In his amended complaint, Hashim suggests that under the “current judicial culture, ” prisoners are wrongfully being denied the opportunity to sue multiple defendants and bring multiple claims in a single lawsuit. (Am. Compl. ¶¶ 34-35.) He suggests that courts are applying the Federal Rules of Civil Procedure relating to joinder of claims and parties, i.e., Rules 18 and 20, against prisoners more stringently than they do against non-prisoner litigants. However, in the present case, my having dismissed many claims and parties on the basis of misjoinder is based on a straightforward application of Rule 20(a)(2). That rule states that multiple parties may be joined as defendants only if (1) the claims against them arise out of the same transaction, occurrence, or series of transactions or occurrences, and (2) any question of law or fact common to all defendants will arise in the action. In the present case, the plaintiff’s various claims arise out of separate transactions, occurrences, or series of transactions of occurrences, and there is no question of law or fact that is common to all thirty-nine defendants. To illustrate, consider two of the plaintiff’s claims: (1) his claim against Corrections Officer Preberg for retaliating against the plaintiff for complaining about Preberg’s having confiscated the plaintiff’s eyeglasses, by writing a false conduct report against the plaintiff while he was incarcerated at Green Bay Correctional Institution in March 2010, and (2) his claim against David Olson, a private citizen who resides in Waukesha, Wisconsin, for conspiring with a lawyer employed by the Department of Corrections and stealing bank statements from the plaintiff’s Waukesha residence in March 2012, in furtherance of a conspiracy to retaliate against the plaintiff for serving as a jailhouse lawyer to other inmates. By no stretch of the imagination could these claims be thought to arise out of the same transaction, occurrence, or series of transactions or occurrences. Nor is there any common question of law or fact that will arise in adjudicating the claims against both defendants. Thus, Preberg and Olson cannot be joined as defendants in this suit. That would be the case even if the plaintiff were not a prisoner subject to the requirements of the Prison Litigation Reform Act. Under Rule 20(a), a non-prisoner would not be allowed to join a tort claim for negligence arising out of a car accident with defendant John Smith that occurred in March 2010 with a second tort claim for negligence arising out of a car accident with Mary Jones that occurred in March 2012. Similarly, the plaintiff is not allowed to join two unrelated civil-rights claims for retaliation against different defendants in a single suit.

In sum, the plaintiff can proceed on the following claims included in the amended complaint: (1) the retaliation claim against defendant Preberg; (2) the Eighth Amendment claims against the corrections officers who denied plaintiff food and medicine when he refused to kneel in violation of his medication restriction (i.e., Longsine, Dillenberg, DeBroux, VanLoo, Keiler, Giffin, Mommaerts, Segerstrom, Cummings, Hilbert, Preberg, Comeau); (3) the Eighth Amendment claim against defendant Ericksen for failure to take corrective action when notified that plaintiff was being deprived of meals; and (4) the Eighth Amendment claims against defendants Longsine and Schultz for forcing plaintiff to eat foods such as mashed potatoes and soup without eating utensils. All defendants other than Longsine, Dillenberg, DeBroux, VanLoo, Keiler, Giffin, Mommaerts, Segerstrom, Cummings, Hilbert, Preberg, Comeau, Ericksen, and Schultz will be dismissed from this case.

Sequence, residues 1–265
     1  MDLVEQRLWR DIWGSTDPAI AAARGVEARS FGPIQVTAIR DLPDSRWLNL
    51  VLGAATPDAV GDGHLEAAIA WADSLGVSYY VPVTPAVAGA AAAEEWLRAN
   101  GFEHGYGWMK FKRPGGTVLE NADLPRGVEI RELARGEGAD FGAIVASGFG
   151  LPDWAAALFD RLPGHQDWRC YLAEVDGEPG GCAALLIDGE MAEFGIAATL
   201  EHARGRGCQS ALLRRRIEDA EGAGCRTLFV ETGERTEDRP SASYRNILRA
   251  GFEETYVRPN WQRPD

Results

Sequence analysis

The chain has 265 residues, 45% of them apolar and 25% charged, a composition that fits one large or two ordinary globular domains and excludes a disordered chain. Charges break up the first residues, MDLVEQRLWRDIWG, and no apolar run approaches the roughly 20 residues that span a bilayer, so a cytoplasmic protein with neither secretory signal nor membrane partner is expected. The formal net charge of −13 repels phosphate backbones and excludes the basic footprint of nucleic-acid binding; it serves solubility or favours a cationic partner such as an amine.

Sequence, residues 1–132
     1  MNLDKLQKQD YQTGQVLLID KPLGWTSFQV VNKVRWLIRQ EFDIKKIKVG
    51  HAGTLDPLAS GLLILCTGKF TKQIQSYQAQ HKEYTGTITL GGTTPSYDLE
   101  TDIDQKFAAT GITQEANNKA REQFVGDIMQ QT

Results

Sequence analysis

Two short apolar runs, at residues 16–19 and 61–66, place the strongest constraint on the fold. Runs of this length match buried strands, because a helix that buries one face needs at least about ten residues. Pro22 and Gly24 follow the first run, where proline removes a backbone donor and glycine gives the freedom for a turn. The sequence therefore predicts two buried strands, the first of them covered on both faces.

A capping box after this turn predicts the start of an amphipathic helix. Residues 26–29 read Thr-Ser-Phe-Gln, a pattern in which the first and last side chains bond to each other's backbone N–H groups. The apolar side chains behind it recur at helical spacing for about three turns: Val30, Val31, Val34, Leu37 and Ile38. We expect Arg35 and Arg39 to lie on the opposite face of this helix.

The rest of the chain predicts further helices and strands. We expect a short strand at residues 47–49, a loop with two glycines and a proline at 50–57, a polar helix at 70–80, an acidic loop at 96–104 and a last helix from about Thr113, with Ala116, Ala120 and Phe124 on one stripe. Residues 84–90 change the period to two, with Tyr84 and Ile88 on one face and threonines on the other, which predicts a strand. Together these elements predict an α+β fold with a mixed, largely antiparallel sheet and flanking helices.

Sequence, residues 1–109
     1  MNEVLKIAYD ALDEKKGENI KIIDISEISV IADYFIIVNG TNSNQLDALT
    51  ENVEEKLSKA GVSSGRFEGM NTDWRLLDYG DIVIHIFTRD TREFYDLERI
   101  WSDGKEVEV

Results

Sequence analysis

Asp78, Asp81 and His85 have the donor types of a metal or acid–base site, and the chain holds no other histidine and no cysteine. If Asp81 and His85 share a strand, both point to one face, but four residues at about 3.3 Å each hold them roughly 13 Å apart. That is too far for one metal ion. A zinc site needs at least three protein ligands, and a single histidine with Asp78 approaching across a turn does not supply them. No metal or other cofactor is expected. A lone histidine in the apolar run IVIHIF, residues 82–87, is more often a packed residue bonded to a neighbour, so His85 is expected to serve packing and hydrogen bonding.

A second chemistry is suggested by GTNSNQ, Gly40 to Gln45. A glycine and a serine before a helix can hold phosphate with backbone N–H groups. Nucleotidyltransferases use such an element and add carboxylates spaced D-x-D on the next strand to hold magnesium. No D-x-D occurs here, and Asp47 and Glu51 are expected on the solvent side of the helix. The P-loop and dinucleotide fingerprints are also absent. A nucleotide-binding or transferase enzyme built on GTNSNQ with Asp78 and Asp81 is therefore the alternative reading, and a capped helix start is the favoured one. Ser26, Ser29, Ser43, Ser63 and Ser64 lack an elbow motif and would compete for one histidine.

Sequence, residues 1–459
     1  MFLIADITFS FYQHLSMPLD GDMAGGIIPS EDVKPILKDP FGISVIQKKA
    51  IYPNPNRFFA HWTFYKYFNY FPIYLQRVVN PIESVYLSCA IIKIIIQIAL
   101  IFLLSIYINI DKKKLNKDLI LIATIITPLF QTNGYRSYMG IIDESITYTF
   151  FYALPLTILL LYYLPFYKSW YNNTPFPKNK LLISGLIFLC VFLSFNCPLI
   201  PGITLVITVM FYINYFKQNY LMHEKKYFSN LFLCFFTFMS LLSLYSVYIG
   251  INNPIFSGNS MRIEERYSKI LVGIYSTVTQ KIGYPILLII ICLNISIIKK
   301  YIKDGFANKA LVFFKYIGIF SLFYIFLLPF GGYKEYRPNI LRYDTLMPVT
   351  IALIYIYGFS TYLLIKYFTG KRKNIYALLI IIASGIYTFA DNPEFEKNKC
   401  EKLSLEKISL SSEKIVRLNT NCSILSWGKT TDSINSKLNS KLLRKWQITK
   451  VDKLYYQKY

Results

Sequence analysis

Plaintiff’s Motion to Compel Discovery

On December 14, 2015, plaintiff filed a motion to compel discovery. (Dkt. No. 50.) He moves the court to compel defendants to respond to his November 9, 2015, first set of interrogatories and his November 12, 2015, first set of admissions. According to plaintiff, defendants advised him on November 12, 2015, that they would not respond to his discovery requests until after the court issued a Scheduling Order. Plaintiff counters that defendants should have timely responded to his discovery requests and that plaintiff’s Proposed Scheduling Order, filed October 26, 2015, explained that any practices which required leave of the court before seeking discovery were invalid.

In pro se prisoner civil rights litigation, the usual practice in this district is that the court issues a Scheduling Order setting deadlines for the completion of discovery and for filing dispositive motions after defendants file an answer to the complaint. See Girtler v. Wolf, No. 15-CV-841, 2015 WL 6110761, at *5 (E.D. Wis.). In this case, although defendants answered the original complaint on December 8, 2015, plaintiff had already filed an amended complaint by then. Now that the amended complaint has been screened, the court will await defendants’ answer to that pleading before issuing a Scheduling Order. The court will deny plaintiff’s November 17, 2015, application to use his Proposed Scheduling Order and instead will follow above-described usual practice in this case. Plaintiff should await the court’s Scheduling Order before engaging in discovery. See id. Based on the foregoing, I will deny plaintiff’s motion to compel.

Plaintiff’s Motion for Definitive Rulings on Pending Pleadings to Amend Complaint, Proposed Scheduling Order, Prompt Screening Order of Amended Complaint, Application to Proceed Before Magistrate Judge, and for an ...